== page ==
A reasonable royalty for the use of an invention by an infringer sets the floor for damages that a patent holder can recover, but the recent case of Michael S. Powell v. The Home Depot USA, Inc., 663 F.3d 1221 (Fed. Cir. 2011), conclusively demonstrates that a reasonable royalty is not always less than what would be recovered by way of lost profits. Powell also demonstrates the power of use-based theories in assessing a reasonable royalty, and how in certain circumstances, it can lead to significantly higher dollar awards than sales-based theories or lost profits.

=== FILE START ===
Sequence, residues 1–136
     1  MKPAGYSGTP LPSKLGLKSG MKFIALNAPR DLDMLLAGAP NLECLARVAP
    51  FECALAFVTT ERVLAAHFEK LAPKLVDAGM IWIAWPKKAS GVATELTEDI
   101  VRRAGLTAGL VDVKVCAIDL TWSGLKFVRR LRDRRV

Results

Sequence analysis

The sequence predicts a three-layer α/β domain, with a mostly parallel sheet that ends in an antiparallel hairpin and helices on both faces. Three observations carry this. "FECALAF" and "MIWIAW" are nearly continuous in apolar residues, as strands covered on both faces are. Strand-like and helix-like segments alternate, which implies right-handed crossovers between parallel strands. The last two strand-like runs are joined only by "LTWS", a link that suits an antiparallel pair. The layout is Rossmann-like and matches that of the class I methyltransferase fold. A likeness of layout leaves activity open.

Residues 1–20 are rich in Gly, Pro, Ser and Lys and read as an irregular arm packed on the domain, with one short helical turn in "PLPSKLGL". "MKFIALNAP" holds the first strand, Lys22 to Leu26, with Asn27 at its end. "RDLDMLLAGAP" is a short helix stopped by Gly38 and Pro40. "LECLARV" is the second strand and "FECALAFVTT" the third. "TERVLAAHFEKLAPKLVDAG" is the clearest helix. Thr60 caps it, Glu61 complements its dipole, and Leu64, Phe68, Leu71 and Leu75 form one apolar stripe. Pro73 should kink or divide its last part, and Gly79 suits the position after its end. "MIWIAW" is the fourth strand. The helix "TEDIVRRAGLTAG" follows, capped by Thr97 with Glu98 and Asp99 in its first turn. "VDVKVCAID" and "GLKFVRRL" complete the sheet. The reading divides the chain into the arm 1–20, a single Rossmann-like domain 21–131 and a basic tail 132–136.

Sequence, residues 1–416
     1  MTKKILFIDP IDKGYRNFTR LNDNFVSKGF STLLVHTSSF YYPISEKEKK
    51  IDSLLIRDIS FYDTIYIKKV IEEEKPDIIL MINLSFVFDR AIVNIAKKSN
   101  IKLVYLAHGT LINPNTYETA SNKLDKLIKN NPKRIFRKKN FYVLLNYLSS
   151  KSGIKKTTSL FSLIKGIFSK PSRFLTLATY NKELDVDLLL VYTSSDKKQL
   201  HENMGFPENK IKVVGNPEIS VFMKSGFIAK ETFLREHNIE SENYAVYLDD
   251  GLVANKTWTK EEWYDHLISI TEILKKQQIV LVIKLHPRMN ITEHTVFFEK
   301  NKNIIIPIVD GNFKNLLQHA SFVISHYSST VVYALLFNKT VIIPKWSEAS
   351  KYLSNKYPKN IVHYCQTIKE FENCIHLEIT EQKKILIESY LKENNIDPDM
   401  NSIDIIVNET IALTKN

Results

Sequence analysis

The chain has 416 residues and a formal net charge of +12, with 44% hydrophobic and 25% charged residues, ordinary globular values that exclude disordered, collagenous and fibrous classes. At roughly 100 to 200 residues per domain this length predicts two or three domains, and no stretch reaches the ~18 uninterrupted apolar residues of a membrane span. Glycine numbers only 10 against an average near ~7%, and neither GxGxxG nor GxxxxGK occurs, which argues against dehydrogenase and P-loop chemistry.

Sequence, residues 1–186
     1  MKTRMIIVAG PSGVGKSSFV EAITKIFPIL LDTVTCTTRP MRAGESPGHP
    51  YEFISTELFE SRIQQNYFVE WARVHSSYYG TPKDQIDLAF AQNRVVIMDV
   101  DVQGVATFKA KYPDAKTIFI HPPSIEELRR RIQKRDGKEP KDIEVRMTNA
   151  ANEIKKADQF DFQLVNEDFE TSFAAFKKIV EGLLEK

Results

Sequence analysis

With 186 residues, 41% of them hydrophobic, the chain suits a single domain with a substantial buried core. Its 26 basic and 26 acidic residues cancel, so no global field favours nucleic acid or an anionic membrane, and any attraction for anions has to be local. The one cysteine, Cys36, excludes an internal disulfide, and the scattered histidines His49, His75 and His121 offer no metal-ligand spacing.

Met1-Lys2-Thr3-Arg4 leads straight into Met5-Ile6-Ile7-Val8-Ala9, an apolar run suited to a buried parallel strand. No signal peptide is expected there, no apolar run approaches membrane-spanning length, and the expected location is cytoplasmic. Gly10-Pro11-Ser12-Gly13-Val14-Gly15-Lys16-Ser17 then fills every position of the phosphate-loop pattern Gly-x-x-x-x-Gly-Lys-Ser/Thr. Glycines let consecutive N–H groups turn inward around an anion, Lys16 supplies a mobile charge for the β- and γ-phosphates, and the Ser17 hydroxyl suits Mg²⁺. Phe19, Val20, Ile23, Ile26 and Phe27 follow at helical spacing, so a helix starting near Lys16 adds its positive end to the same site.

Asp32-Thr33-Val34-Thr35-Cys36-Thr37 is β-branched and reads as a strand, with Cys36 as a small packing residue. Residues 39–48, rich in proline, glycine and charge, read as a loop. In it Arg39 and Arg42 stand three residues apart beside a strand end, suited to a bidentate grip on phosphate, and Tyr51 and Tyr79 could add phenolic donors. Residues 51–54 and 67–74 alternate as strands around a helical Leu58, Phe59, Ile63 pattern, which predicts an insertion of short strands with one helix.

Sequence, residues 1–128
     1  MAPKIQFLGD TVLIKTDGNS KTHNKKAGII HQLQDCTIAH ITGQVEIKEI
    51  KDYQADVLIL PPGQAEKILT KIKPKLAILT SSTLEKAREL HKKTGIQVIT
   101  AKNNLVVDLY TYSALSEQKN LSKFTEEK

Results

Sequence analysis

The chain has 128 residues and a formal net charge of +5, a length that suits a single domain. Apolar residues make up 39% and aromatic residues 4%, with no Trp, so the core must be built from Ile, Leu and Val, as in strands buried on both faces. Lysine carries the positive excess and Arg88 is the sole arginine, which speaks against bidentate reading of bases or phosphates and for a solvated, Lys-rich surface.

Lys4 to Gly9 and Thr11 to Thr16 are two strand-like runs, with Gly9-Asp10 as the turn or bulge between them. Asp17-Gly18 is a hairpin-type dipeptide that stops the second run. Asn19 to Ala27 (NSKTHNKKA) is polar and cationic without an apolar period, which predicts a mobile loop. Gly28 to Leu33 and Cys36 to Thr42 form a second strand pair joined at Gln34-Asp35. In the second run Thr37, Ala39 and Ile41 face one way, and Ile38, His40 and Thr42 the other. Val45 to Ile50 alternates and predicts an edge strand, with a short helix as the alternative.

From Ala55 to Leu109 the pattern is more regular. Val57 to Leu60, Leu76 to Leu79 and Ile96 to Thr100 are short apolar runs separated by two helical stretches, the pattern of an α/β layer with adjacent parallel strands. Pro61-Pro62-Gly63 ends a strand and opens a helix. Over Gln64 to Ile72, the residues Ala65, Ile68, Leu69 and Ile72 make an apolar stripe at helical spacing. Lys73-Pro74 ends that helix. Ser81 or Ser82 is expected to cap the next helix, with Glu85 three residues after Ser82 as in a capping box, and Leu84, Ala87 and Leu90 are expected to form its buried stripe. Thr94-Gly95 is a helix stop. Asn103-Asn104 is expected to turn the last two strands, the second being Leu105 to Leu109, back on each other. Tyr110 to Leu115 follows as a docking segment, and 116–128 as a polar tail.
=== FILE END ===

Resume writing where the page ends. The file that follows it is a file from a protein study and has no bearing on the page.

In Powell, the patentee had a long-standing business relationship with Home Depot. He was the company's point of contact for the installation and maintenance of radial saws in each of its stores. Home Depot used the radial saws—as did many of their competitors—to cut lumber to customer-specified dimensions. Cut lumber was, in many ways, integral to Home Depot's strategy to be a "one-stop shop" for contractors.
But the company had a very serious problem. The radial saws at its stores resulted in numerous injuries to employees—with lacerations and finger amputations being most common. In addition to harm caused to employees, the number of lawsuits filed and the subsequent compensation employees were paid had grown significantly.